Welcome everyone. We are very happy to bring to you today this webinar on the IDEA Part C Annual Grant Budget Calculator. Beth Cole and myself are going to review the purpose of this tool. We’re going to demonstrate its different features and how it works, and we’re going to discuss the various uses that you can use this Budget Calculator for.
The calculator began as a TA request from a state that needed a tool to help them develop and track their Part C budget. Now, we recognize that some states already have sophisticated processes for developing the grant and effectively tracking their funds. This is an optional TA product that some states might find helpful as a way to better address how the federal Part C funds are allocated, used and tracked.
The Part C team at CIFR initiated the development process after this TA request and developed it over a number of months as well as piloting internally by Alison. Thank you Alison. And then also, we developed to the instructions to go along with it. It was then piloted by a couple of states and then reviewed and checked and edited by OSEP and eventually approved by OSEP. The calculator has several uses described here on the slide and in a few minutes, Beth and I are going to demonstrate each of these uses in a sample spreadsheet that we’ve prepared.
As I mentioned earlier, there’s a set of instructions that goes along with the Budget Calculator and these instructions provide a description of the purpose, tips for using the tool as well as guidance on how to use each of the worksheets and the Budget Calculator. Within the Excel tool, the design is such that it aligns with section three of the annual Part C grant application. The features also include some of the cells that auto calculate totals for you.
We all know that the template that OSEP shares doesn’t do any of the math for you and sometimes there are mistakes made in the addition of the numbers on the different pages. So this Excel tool will help you achieve accurate totals to put into your grant, and it also covers the full lifespan of the grant award. So it is an effective tool for tracking your funds over that life cycle of the Part C grant. The Budget Calculator is now posted on CIFR’s website and can be accessed at the link here. Once you’ve taken a look at the Budget Calculator and the instructions, if you need TA on how to use the Budget Calculator, please reach out to your CIFR TA liaisons. To get their contact information, you can go to the CIFR website, click on contact and select your state and the Part C TA liaisons for your state.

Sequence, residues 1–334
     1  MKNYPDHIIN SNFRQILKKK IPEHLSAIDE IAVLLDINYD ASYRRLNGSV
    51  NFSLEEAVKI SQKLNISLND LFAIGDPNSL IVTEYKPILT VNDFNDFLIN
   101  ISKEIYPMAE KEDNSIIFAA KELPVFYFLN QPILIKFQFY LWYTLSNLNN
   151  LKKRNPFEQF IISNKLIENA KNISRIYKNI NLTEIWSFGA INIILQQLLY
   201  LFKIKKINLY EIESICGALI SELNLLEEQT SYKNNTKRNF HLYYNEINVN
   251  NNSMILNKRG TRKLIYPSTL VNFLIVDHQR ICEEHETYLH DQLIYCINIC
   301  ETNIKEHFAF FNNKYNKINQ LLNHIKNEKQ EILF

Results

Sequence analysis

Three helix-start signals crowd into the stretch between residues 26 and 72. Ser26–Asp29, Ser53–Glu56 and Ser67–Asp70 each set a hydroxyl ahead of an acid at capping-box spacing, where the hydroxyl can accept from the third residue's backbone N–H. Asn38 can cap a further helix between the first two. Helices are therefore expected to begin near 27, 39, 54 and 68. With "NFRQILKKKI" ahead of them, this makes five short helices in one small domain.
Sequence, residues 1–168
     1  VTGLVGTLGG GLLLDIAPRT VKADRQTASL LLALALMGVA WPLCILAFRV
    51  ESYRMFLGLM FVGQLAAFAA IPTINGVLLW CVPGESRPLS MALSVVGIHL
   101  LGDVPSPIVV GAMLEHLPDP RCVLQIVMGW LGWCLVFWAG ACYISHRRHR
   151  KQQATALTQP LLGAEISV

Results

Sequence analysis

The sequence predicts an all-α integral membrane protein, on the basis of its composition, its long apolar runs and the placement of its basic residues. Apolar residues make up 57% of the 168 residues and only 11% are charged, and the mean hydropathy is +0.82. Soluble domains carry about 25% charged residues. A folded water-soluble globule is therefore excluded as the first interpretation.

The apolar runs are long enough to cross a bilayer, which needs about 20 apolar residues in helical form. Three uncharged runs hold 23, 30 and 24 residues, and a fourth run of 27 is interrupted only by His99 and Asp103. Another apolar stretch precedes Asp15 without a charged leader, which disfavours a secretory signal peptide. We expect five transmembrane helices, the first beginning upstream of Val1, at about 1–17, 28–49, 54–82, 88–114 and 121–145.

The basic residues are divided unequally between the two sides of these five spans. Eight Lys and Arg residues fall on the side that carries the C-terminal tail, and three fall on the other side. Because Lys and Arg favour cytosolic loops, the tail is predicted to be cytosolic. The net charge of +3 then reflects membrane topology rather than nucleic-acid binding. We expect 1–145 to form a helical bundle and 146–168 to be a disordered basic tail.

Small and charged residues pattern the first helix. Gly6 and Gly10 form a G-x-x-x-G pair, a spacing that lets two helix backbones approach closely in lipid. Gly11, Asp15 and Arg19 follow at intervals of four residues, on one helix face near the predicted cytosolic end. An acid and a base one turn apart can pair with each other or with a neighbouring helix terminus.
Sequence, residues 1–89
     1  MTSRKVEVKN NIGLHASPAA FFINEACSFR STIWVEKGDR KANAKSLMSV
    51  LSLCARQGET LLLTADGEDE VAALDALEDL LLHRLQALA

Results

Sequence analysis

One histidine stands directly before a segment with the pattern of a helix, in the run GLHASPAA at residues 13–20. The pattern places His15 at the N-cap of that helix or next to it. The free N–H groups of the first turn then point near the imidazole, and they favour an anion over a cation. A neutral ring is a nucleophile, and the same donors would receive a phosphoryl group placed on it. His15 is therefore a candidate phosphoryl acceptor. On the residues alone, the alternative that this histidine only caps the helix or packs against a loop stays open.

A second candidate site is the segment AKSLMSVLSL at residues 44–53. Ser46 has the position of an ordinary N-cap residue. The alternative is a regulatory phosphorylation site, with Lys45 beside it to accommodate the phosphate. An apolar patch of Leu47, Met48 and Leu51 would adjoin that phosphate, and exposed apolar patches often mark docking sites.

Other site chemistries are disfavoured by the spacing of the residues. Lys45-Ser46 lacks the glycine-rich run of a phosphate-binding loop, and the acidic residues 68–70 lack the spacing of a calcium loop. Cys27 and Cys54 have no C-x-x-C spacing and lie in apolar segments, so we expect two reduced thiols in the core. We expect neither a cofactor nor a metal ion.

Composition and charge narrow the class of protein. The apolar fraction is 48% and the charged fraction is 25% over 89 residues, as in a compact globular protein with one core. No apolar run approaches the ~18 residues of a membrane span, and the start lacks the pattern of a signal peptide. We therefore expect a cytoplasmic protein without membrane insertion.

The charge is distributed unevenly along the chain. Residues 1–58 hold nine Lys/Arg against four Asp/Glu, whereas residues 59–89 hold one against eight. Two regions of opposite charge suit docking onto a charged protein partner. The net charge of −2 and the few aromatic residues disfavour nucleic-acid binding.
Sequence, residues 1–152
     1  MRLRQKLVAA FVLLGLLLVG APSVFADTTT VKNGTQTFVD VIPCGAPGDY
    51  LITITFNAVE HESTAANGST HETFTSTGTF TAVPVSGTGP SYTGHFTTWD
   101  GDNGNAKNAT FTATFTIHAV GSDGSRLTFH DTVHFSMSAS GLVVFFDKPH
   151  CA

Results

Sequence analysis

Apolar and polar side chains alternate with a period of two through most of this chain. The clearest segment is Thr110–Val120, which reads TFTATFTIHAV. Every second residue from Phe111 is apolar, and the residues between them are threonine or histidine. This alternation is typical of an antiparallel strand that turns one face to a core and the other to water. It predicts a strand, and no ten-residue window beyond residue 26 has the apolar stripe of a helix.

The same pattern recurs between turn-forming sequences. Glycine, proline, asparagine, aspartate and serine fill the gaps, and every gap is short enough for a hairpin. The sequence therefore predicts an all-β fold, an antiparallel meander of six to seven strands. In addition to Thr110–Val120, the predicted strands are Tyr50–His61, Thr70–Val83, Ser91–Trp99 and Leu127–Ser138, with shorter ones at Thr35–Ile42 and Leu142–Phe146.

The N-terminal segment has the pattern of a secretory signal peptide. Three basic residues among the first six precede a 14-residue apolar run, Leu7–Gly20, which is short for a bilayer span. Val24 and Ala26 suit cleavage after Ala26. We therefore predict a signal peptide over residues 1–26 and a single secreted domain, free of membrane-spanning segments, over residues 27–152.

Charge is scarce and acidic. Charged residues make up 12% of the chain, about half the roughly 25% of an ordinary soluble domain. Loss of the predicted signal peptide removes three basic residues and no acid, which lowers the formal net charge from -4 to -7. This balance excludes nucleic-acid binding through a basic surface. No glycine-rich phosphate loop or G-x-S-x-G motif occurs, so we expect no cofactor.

So before we move on to the demonstration and I switch screens, I’d like to highlight a few CIFR resources that may be useful in conjunction with the calculator. The first is the quick reference guide on the use of IDEA Part C funds, and this quick reference guide provides information on the appropriate and allowable uses of the Part C funds. The second resource is the understanding the IDEA Part C funding cycle and different fiscal years tool product. And this product lays out the 27-month timeline and the information about obligation and liquidation for your grant award.
All right. So now we’re going to move on to the demonstration. I am going to exit my PowerPoint. So as we begin, I’m on the title page. You will note along the bottom that we have different tabs. The first three are not directly aligned to the Part C grant but are needed to get started. Then you will note that at the bottom here of my screen, we have the different sections of the Part C grant. So we have the personnel section. Section three B is activities and so forth. So this is in each of the worksheets here from four on to nine are in alignment with the Part C grant application.
So now I’m going to move on to the Getting Started [tab]. This is an important page because this is where you enter your federal fiscal year for the grant you’re going to be working on. For each grant award you would want or application you would want to use a unique spreadsheet because it’s set up for that full grant award period. So let’s say if I’m addressing my budget for 2022, I enter that number. If I’ve already received my award, it’s helpful to enter your grant award number.
It’s always nice to have that handy because sometimes some states use that number to track the unique identifier for the grant award and then you would enter your grant amount. It’s important to fill out this page because these pages carry forward and populate the rest of the sheets with the appropriate year and budget amount. One thing we’d like to draw your attention to is that on each sheet we’ve provided the hyperlink to the Budget Calculator and it’s always important that if you’re starting a new sheet, a new calculator, that you use this link to make sure that you have the most current version. Sometimes OSEP may change something that we may need to make an adjustment to the formulas and to the layout of the tool. So by clicking on this and downloading the most current version, you’re always assured that you have the right information.